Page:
Doing the right thing is exhausting.
Going to the gym. Eating the right foods. Writing your first book. Being present with your partner. Developing your passion project. Putting in extra hours at work. Giving 100% all-out effort. Putting down the remote and reading a book. Moving to Africa to start a school. etc. etc. etc.
Why is it that everything worth doing is hard? And everything unworthy of our time happens without effort or thought?
Thinking about these questions reminded me of the times I was able to push my comfort zone consistently. The times when I was able to do the right thing and enter periods of exponential personal growth.
All of these times had one thing in common - I had a fire under my ass.
Here's the story...
In the 80 and 90's Astroturf became very famous for high-use athletic fields. Astroturf didn't need to be watered, maintained or manicured. You showed up, and the field was ready. If you watched American football during the 90’s, you saw a lot of games played on Astroturf.
In the early 2000's most high-use athletic fields in the inner city, areas were changed from Astroturf to a new type of turf called "Sprinturf," which was superior in almost every single way.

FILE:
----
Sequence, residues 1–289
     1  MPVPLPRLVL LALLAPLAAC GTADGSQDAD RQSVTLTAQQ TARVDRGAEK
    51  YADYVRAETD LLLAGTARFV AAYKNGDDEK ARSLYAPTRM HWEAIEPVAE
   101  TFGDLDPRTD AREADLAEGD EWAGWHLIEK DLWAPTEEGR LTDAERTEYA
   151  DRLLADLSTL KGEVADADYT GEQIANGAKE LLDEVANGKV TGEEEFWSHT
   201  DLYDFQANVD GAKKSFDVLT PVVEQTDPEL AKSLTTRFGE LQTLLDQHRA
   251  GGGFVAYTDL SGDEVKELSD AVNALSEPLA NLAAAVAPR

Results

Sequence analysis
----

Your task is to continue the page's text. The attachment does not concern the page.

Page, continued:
Overall it was about 10X better than Astroturf - fewer rug burns, more cushion, limited injuries and it made the transition to playing on real grass much smoother.
But, there was one fatal flaw of Sprinturf which happened on hot summer days. After roasting in the late summer sun, the rubber cushioning of the Sprinturf absorbed heat like a giant cast iron skillet. The combination of leather cleats, blister-generating friction, and black bits of rubber caused your feet to sweat, burn and blister. So much that, at the end of practice your feet resembled bubbly mozzarella on top of a hot Neapolitan pizza. Any time you stood in place for more than a few seconds your feet began to sizzle, and you could feel blisters forming on your toes, heels, and soles.
To make matters more intense, our head coach harnessed his inner Herb Brooks and would yell and scream at us for any sign of apathy, laziness or lack of 100% all out effort. If someone were dogging it or saving their energy, we would all pay with sprints until our legs, lungs, and feet burned. It was grueling, and at times I wondered if I was going to pass out.
With an extreme scene of yelling, screaming, burning feet and where laziness wasn't tolerated, you learned to move fast, stay focused and give 100% all-out effort. Otherwise, your feet would burn off, and you'd be cut, publicly humiliated or be shamed into submission. There wasn't time to procrastinate or be a perfectionist.
The key to our motivation and perseverance was in the environment. It simply demanded a sense of urgency. My point is - whatever goal you are trying to achieve, it's a lot easier to do the right thing when there are consequences for failure.
So instead of blaming yourself for failing with diet, business, relationship, fitness goal, or passion project and falling into a cycle of procrastination and self-loathing...
LIGHT A FIRE UNDER YOUR ASS.